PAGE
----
WASHINGTON -- At a fund-raiser for a Democratic senator on Tuesday night, a diplomat began to discuss the day's events at the United Nations, saying that arms inspectors seem prepared to go to Iraq earlier than anyone had expected. A former secretary of state says with a hint of contempt: "That doesn't matter ...
"They want a war, and they're going to have a war," says the secretary. The small group around him nods. "They" around here means the White House.
Outside that building, the White House, the next day, there was a statement-making Rose Garden photo opportunity featuring President Bush and grim-faced members of Congress from both parties declaring their solidarity in the face of "imminent danger." One reporter in another small group says, "You know, most of those people actually think the war is a bad idea." He is cut off by a more important correspondent, saying impatiently: "That doesn't matter ...
"They want a war, and there's going to be a war." Others nod in agreement.
Then the reporters separated to report the words and nods of the president and his supporting cast of congressmen and women. The big newspapers were preparing excerpts of the Rose Garden war whoops. At the other end of Pennsylvania Avenue, where the Congress works, other members were speaking at a marathon session of the House International Affairs Committee, some of them actually against the coming war, but there was not a word of that in the papers read regularly here, The New York Times, The Washington Post and The Washington Times.
Those voices don't matter now. None of them are important enough to make the news. One who is, Sen. Hillary Clinton of New York, is telling people in private that she will support the war. The Congress asked the Central Intelligence Agency for a report on its role in the war -- and the CIA refused to respond, saying, essentially, that war plans are none of Congress' business. The director of the CIA -- that's George Tenet, the know-nothing hero of Sept. 11 -- refused to appear (in secret, of course) before congressional committees because he was too busy meeting with the president and his aides at the White House. They run the war capital. Congress is a photo-op.
That is what it was like this week in Washington. The war capital is in a frenzy. The most impassioned anti-war words are not part of a debate. The somber men and women in Congress and the hard-faced men and women of the White House -- "they" -- are not listening. Most of them think the important decisions have been made -- the United States is going to invade Iraq no matter what -- and the nervous energy in the air here is generated by elected officials, appointed officials and former officials trying to make sure they are not caught on the losing side of the politics of the war.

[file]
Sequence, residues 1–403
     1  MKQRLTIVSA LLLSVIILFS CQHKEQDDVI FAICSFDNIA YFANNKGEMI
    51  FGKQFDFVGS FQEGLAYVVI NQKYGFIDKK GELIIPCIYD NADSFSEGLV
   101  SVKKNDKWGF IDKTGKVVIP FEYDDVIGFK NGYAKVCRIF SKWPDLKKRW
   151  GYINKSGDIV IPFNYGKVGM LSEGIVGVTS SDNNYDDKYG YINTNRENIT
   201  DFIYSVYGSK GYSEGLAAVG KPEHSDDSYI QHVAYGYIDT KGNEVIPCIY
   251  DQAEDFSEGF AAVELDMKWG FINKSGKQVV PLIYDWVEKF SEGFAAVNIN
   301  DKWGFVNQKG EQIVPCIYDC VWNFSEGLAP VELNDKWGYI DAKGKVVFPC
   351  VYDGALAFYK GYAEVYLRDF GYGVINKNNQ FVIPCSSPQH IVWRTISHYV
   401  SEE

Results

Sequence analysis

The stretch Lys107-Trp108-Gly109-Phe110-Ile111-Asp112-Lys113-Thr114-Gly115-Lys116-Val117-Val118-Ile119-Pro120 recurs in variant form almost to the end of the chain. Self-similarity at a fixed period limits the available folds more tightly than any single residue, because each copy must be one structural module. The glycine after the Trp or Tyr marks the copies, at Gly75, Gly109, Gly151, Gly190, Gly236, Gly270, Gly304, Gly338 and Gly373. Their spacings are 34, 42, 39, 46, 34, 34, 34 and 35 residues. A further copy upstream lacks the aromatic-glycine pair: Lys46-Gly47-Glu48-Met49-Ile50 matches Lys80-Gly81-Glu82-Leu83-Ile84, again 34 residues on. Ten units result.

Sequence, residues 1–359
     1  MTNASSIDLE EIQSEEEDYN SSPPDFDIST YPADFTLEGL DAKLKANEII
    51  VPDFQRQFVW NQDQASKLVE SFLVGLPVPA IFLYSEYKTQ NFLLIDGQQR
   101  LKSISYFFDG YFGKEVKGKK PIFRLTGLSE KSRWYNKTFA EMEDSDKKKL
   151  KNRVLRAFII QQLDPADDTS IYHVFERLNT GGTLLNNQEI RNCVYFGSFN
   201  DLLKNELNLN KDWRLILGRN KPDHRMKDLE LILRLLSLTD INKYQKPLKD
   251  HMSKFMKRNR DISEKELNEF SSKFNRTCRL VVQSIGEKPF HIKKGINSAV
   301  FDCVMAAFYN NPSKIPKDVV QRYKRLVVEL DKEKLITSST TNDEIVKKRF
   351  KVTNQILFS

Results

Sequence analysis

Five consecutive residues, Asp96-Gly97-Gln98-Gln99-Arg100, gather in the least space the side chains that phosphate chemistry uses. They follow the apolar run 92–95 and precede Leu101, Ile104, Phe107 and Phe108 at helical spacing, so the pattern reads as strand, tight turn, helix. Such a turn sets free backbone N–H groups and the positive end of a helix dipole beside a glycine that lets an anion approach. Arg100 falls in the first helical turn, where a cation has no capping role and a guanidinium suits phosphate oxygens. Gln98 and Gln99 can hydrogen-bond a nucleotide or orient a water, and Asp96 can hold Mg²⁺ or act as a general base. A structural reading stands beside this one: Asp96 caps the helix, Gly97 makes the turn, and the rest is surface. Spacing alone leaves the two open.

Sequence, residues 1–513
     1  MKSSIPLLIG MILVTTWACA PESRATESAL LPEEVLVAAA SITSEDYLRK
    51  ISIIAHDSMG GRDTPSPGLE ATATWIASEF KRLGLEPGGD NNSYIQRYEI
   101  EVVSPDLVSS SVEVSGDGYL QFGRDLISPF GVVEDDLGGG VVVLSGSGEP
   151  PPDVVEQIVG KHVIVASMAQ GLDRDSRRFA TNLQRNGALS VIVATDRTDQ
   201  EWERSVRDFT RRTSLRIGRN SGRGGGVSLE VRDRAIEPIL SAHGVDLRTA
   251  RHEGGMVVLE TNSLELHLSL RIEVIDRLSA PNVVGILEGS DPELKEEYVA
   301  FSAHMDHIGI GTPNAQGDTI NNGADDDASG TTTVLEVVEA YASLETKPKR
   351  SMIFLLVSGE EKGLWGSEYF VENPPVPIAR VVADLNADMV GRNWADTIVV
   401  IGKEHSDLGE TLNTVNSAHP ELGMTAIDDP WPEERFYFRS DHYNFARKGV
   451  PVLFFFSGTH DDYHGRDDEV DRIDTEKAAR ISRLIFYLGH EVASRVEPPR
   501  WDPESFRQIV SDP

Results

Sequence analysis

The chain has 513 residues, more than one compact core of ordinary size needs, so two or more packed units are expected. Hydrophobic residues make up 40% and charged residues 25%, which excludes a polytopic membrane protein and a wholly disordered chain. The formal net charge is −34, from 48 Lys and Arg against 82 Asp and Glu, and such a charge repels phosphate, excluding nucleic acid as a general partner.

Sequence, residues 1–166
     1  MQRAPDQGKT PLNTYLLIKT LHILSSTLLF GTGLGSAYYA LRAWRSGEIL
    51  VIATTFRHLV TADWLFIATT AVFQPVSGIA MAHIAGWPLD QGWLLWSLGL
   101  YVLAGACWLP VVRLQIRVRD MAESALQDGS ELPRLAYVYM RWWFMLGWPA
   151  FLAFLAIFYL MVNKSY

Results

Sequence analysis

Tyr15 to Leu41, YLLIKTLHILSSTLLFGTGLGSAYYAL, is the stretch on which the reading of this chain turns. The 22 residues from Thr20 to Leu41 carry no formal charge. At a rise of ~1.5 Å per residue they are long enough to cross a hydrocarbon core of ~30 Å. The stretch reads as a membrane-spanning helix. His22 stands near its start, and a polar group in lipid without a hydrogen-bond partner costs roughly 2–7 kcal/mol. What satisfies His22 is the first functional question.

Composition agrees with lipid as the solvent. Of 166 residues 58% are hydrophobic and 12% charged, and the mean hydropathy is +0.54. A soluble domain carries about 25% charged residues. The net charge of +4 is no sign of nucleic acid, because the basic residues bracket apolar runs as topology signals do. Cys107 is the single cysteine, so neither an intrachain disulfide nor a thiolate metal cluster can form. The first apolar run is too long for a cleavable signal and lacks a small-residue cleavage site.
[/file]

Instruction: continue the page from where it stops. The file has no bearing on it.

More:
The losing side is peace. Inspection, negotiation, hesitation, caution are for wimps. Those who argue more and more timidly for disarmament rather than regime change, or who try to raise questions about what will happen if the Iraqis launch missiles aimed at Israel, or what will happen after a war, short or long, win or lose, are dismissed as political naifs who risk being called cowards or traitors if things don't go the way the White House wants them to go.
Those who have grave doubts about the rush to battle -- a secret majority, I think -- are ready to join the war lovers in public. That is the way politics work. Nothing succeeds like success. The White House has won the pre-war debate here, and if the president has the guts to attack, right or wrong, the gutless know that no matter how badly things go in Iraq, they will have their backs and backsides covered in post-war debates. The way the game is played is that if this thing turns into a disaster, the first people the whoopers will blame will be those whose blood enthusiasm was not great enough.
There are few outside voices heard when the war capital is in heat. Ironically, one of the few dabs of outside information that made it through this week was in the feisty, right-wing Washington Times, which reported that congressional mail was running more than 10-to-1 against a unilateral invasion of Iraq. Does that matter? I doubt it.
They want a war.
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